by Peter DeLegge
Whether you have recently been given responsibility for getting your
business on the Web or to handle a pre-existing Web site, there are some
general truths (at least in this consultant's eyes) that you should strongly consider.
Do not consider the Internet simply as a place to put your brochures
in electronic form. Do not make the mistake of treating the Internet
as if it is simply an advertising
medium. The Web has more in common with the telephone than print. It is different from traditional media
in many respects. Even Internet advertising requires a different approach
than off-line advertising. Exploit the Web's unique qualities to provide a
richer experience for customers and prospects.
Find out what your competitors are doing on the Web. Spend
a few days checking out how your competitors are using the Web. Analyze each site. How
does the site help tell the world about that company's products or services; is it easy to
use; is it enjoyable to use; does it add value to the company's customer service; is it
integrated with the company's other marketing efforts.
Create an Internet business plan and live it. Before starting your company's
Web site project, determine measurable goals and objectives for your company's site,
establish milestones. Make them both qualitative and quantitative. This may
sound obvious, but planning is one of the most neglected areas of corporate
Web site management. Your Internet business strategy should be an extension
of your company's existing business strategy and well-integrated with
everything your company does off-line.
Don't be inconsistent with your
off-line brand. Make sure
your Web site experience is consistent with your brand image. For instance,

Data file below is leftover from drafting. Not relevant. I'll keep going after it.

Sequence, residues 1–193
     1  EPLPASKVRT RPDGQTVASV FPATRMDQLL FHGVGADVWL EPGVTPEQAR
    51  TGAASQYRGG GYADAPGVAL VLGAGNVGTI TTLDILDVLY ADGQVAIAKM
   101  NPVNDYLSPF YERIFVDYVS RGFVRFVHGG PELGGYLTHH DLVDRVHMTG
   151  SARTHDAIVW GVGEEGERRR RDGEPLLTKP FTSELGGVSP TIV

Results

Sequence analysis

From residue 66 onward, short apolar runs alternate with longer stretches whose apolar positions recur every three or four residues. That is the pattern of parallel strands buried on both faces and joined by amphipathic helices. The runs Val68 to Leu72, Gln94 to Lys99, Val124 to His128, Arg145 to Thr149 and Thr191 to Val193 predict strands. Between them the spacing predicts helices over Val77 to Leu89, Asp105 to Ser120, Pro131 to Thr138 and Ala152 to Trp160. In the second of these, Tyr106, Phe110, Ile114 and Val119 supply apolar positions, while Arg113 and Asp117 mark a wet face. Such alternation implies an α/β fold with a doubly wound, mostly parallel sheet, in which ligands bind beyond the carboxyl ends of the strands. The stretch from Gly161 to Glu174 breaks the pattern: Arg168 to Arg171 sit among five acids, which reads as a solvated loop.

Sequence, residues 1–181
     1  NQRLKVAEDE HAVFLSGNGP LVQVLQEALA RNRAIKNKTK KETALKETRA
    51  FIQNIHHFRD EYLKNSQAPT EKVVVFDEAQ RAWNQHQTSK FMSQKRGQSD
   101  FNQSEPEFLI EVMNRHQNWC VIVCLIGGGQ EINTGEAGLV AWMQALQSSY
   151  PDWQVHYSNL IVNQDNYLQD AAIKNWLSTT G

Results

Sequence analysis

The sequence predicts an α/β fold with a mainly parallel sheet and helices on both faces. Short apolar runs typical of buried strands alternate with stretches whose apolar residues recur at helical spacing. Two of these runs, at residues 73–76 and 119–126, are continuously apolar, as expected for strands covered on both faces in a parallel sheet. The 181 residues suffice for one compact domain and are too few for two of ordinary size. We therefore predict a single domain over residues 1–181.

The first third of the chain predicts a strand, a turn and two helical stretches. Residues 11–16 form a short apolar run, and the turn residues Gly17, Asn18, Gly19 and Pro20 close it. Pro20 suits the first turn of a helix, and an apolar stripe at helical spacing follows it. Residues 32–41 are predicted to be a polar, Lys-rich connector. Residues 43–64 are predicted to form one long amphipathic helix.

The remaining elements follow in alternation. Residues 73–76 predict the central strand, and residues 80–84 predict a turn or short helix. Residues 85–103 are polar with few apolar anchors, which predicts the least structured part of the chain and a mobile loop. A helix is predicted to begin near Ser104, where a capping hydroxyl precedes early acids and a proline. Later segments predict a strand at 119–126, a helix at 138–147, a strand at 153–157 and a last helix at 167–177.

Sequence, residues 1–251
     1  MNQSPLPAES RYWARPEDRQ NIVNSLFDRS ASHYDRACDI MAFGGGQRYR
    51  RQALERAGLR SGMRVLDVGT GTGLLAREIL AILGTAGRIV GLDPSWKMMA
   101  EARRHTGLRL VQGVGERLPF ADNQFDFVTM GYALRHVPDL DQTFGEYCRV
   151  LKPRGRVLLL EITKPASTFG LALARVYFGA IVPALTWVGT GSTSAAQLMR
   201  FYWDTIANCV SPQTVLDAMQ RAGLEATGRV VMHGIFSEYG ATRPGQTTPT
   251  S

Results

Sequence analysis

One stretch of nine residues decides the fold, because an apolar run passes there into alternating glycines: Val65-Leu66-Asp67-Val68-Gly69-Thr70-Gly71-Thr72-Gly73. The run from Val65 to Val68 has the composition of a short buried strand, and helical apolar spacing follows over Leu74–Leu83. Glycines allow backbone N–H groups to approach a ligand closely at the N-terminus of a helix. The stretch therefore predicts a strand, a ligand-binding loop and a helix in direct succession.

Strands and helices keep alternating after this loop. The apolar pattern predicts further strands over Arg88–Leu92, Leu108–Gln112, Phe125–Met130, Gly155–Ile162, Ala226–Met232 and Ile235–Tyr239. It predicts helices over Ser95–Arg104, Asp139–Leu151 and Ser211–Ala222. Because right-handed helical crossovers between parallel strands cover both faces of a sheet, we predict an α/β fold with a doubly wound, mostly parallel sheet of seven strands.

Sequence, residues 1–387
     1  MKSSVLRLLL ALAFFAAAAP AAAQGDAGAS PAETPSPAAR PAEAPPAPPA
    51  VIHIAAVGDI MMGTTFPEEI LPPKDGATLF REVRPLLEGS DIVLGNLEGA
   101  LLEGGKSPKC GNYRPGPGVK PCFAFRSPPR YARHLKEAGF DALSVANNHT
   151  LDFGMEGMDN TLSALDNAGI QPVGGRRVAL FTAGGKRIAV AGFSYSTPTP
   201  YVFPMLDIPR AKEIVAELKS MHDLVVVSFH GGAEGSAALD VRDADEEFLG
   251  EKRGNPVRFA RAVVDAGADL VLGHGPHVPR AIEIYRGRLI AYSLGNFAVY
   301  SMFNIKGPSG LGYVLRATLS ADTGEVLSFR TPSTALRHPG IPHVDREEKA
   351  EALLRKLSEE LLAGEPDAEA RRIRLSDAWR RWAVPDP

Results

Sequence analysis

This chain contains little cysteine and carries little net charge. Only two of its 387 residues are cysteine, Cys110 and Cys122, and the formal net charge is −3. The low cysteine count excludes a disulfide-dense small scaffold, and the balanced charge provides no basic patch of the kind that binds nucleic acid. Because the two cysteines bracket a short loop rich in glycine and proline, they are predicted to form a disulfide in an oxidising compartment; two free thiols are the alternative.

is your brand known for superior engineering and being easy-to-use? Make
sure your Web site experience is consistent. A recent study found that
corporate Web site email responses are highly informal and unbranded.
works, but be careful.
Email marketing is one of the most effective ways to stay in touch with
customers and prospects online. It can also be effective as a
direct-marketing device. My advice to B2B marketers, in most cases, do not
rent email lists, build your own. Do not rent out your list. Never spam,
under any circumstances. Let email subscribers know in advance how often you
will send messages and what type of content they can expect. Make messages
as targeted as possible; relevancy keeps people listening.
Be sure your Web site is integrated with your
company's other marketing activities.
Don't make the mistake some traditional companies do and create an
Internet effort that is disconnected with your company's off-line efforts. Your
Web site should be connected with your company's off-line efforts. This
means more than throwing the company Web address in your ads.
Segment and target. Even without sophisticated
personalization technology, the Web allows you to easily target your
messages, making them more relevant to users. Find out who they are in the
least intrusive way possible and then talk to them more personally.
Use your company's Web site to
enhance customer service -- especially for prospects who may be researching. The Internet allows your company to stay in
touch with its customers and provide them with answers to questions they are likely to
ask. Make sure your site makes it easy for your customers to find what they
want and communicate with your company. A good corporate Web site helps current customers and develops new
customers too. Consider real-time online help systems.
Make your site an information resource for
target markets. Becoming a trusted resource of high quality information for your customers is
of tremendous value to your business, in addition, it can help win your
company free press
Do user testing. If you have
the budget, do usability testing prior to launching your Web site. Bring in
an expert usability group -- don't merely rely on the company that developed